Ruth Vandewalle finished her master's degree Middle East Studies and Arabic in Cairo, where she is based since 2009. She started working as a news producer during the Arab Uprisings in 2011. Since then she has covered the news from all over the Middle East, producing numerous reportages for different European media.

As a documentary maker and researcher, Ruth prefers to work on social and cultural stories that show a broader perspective and a diverse image of the region. She is often on the road, working in Egypt, Syria, Iraq, Libya, Jordan, Lebanon, Morocco, Saudi Arabia, Oman & Algeria or wherever stories take her. 

As a freelance correspondent Ruth mainly works for Dutch and Belgian TV, radio and written press. She has won the Dutch journalistic 'De Tegel' award in 2014 for the reportages she made in Syria for the Dutch current affairs program 'Nieuwsuur'.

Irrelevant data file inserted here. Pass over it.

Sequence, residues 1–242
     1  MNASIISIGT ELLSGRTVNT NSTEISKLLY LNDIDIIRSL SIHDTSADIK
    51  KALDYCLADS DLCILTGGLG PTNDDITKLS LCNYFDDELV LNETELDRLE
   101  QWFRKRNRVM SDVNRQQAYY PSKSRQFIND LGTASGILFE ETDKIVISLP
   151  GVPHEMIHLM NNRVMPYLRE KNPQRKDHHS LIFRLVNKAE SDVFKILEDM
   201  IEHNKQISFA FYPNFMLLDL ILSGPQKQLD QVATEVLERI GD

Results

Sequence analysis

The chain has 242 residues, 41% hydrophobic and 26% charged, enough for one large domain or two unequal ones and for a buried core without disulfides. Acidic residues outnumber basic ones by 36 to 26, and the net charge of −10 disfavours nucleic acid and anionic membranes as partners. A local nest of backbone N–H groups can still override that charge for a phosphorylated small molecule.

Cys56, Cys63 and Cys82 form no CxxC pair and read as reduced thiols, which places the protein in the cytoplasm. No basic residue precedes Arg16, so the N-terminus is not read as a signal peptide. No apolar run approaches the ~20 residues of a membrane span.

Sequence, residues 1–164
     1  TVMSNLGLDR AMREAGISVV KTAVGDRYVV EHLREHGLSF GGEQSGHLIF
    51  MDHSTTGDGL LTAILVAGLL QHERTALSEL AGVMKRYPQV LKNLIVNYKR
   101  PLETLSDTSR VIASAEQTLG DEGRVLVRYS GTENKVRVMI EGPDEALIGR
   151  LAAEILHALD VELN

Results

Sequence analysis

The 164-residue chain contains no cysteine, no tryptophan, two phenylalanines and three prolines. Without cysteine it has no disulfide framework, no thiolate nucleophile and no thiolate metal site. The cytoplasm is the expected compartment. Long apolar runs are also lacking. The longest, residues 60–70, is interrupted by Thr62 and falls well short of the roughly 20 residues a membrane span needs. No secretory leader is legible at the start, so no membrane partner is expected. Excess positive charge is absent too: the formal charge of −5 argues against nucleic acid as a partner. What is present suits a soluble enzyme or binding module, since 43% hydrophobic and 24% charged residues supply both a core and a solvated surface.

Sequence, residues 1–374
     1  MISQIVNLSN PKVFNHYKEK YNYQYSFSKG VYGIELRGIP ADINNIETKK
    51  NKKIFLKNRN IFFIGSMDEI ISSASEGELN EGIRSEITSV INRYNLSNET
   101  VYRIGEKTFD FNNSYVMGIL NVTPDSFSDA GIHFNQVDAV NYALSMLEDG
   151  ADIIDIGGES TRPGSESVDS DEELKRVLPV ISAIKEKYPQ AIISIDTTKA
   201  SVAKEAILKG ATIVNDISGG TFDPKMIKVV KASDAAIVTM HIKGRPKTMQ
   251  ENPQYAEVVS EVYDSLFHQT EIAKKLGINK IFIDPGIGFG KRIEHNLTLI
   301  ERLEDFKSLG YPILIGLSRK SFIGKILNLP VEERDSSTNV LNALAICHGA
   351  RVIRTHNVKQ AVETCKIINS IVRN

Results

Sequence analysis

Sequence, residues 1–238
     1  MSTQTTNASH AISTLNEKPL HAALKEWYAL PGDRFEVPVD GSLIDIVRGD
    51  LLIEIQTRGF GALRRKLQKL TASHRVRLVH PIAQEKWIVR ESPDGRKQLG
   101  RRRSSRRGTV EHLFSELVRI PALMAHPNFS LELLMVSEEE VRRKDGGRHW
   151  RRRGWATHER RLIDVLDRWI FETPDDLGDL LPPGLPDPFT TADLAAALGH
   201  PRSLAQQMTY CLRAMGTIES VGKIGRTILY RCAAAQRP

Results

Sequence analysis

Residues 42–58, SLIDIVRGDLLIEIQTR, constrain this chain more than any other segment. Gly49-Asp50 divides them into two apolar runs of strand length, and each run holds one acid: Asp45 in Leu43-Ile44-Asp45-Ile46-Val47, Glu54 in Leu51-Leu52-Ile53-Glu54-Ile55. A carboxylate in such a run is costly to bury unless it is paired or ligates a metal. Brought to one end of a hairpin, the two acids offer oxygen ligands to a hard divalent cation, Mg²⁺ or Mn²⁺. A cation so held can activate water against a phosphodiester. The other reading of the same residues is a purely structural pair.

Together with Magnum Photographer Bieke Depoorter, Ruth worked on the book 'As it may be' for which she wrote an essay about postrevolutionary Egypt and the process of Depoorter's journey through the country that started in 2011. The book was published by Aperture (US) and came out in 2017. 

Email: ruth.vandewalle [at]

Ruth Vandewalle

Basic information

Ruth Vandewalle

Supported projects

Monsters don't exist

  • Social affairs
  • Healthcare
  • Organised crime

BRUSSELS – ‘Once upon a time there was a man...’ Thus begins the story I was told as a little girl. In the podcast ‘Monsters don’t exist’ I revisit that story together with my contemporaries who grew up in 1990s turbulent Belgium, just like me. While we were busy with homework and playing in the streets, unsettling images and news reports seeped into our young lives and reshaped our understanding of the world forever.



  • Politics
  • Human Rights

CAÏRO - Can you love a dictatorship? Well, no, but the Belgian journalist Ruth Vandewalle does not want to leave Egypt after more than ten years. Ten years after Tahrir, she goes looking for answers among her Egyptian friends. Their solution: create your own reality.

In Between

In Egypt the aftermath of a bloody summer is still palpable. In the southern city of Minya, the blackened church spires contrast a group of demonstrators holding yellow balloons: Morsi supporters are demanding that their president rule once again.